|2017|| Lightsource BP: BP announced a planned investment to acquire a 43% stake in solar energy developer Lightsource Renewable Energy, which will be renamed to Lightsource BP. The company manages and maintains solar farms. website, Lightsource Renewable Energy |
|Dec.2011||BP Solar was closed when BP announced its departure from the solar energy business.|
|2010||BP closed down the factory at Frederick, Maryland.|
|2009||BP decided to shift its priorities from being "green" to being "responsible". A BP spokesman said: "The new brand value, 'Responsible', encompasses BP's original aspirations towards the environment, in addition to other key areas such as safety and social welfare".|
BP spent $16.5m on lobbying. Under the Bush administration (2001-2009), the Oil Industry had been able to legislate; when Obama took over, it was forced to revert to lobbying.
BP spent 4% of its total capital and exploratory budget on all forms of green alternative energy (using very generous estimates).
|2008||BP's budget included 93% ($20bn) in fossil fuel investment, and $1.5bn in all alternative forms of energy. |
|2004||BP Solar's R&D division was sold to the UK's National Renewable Energy Centre (NaRec).|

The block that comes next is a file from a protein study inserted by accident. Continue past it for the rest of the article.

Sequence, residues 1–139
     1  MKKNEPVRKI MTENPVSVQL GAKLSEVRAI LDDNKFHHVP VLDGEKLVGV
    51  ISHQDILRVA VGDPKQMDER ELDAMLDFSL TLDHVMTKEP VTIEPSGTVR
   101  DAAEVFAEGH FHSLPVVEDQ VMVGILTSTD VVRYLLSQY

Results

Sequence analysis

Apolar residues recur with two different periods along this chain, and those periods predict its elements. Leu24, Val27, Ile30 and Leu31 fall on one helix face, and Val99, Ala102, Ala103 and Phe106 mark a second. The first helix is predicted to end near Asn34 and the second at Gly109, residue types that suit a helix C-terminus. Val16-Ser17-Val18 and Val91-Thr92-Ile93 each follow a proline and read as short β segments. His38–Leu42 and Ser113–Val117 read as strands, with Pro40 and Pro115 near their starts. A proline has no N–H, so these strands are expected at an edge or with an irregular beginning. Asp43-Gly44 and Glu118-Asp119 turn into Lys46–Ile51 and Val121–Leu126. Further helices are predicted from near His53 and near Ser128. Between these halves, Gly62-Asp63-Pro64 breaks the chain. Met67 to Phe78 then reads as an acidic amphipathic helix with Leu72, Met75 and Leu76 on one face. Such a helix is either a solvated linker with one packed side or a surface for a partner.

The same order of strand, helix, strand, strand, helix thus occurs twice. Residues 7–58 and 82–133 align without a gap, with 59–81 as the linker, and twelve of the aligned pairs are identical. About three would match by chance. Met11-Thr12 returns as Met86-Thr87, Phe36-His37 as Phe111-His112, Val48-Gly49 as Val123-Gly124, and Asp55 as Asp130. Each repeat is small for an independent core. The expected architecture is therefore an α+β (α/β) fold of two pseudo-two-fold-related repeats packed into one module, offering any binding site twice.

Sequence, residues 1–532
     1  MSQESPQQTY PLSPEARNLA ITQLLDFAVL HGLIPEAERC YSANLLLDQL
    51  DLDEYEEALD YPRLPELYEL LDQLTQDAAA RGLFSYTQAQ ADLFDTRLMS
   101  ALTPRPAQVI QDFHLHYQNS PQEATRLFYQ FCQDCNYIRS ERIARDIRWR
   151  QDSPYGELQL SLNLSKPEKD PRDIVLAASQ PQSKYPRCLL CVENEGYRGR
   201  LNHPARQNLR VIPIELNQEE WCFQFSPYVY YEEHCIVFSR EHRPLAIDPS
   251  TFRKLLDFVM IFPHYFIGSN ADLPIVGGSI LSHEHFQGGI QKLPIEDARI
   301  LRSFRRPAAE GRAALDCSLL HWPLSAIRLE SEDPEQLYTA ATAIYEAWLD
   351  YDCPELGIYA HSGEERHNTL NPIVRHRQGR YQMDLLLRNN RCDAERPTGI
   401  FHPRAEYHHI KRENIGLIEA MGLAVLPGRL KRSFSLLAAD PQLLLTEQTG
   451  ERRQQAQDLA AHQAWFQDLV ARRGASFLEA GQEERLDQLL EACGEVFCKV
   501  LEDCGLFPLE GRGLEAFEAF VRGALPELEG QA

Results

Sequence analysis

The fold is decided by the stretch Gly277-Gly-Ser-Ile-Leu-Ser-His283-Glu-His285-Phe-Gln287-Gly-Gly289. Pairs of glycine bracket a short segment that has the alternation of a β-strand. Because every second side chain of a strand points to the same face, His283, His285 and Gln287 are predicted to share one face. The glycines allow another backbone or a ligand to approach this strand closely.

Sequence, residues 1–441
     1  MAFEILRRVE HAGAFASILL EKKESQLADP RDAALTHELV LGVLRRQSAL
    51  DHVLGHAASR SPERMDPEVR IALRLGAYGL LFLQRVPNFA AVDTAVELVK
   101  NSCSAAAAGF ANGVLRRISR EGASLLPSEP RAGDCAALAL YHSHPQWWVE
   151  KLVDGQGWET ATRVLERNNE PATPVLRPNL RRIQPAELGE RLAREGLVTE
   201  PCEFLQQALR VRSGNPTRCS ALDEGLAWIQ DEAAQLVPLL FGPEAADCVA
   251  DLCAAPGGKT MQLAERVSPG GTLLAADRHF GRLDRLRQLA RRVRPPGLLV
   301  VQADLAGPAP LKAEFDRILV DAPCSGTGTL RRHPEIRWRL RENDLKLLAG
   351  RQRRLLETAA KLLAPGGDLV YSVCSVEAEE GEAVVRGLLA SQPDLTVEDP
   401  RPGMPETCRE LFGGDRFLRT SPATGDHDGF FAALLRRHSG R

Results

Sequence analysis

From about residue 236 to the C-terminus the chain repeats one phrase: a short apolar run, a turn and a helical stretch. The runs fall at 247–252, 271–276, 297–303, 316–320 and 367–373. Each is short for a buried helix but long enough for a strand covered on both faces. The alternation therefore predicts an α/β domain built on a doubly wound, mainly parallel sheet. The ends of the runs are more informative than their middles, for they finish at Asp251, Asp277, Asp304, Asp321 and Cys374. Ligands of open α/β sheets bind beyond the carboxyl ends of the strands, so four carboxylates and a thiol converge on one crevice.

|2000||BP launched a $200m advertising campaign to highlight a more environmental side. Their popular idiom "Beyond Petroleum" was also developed at this time.|
|1999||BP increased its stake in the American Solarex plant to 100%.|
|1981||BP entered into the solar technology sector by acquiring 50% of Lucas Energy Systems (later Lucas BP Solar Systems, and later BP Solar). The company was a manufacturer and installer of photovoltaic solar cells. It became wholly owned by BP in the mid-1980s.|
|Dec.2017||In Russia, BP owns a 19.75% stake in Rosneft.|
|Oct.2012||BP sold its stake in TNK-BP to Rosneft for $12.3bn in cash and 18.5% of Rosneft's stock. The deal was completed in Mar.2013.|
|Sept.2003||BP and a group of Russian billionaires, known as AAR (Alfa-Access-Renova), announced the creation of a strategic partnership called TNK-BP, to jointly hold their oil assets in Russia and Ukraine.|
|1997||BP acquired a 10% stake in Russian oil company Sidanco, which later became a part of TNK-BP.|
|1990||BP entered the Russian market, and opened its first service station in Moscow in 1996.|
|1992||BP sold off its 57% stake in BP Canada (upstream operations), which was renamed as Talisman Energy.|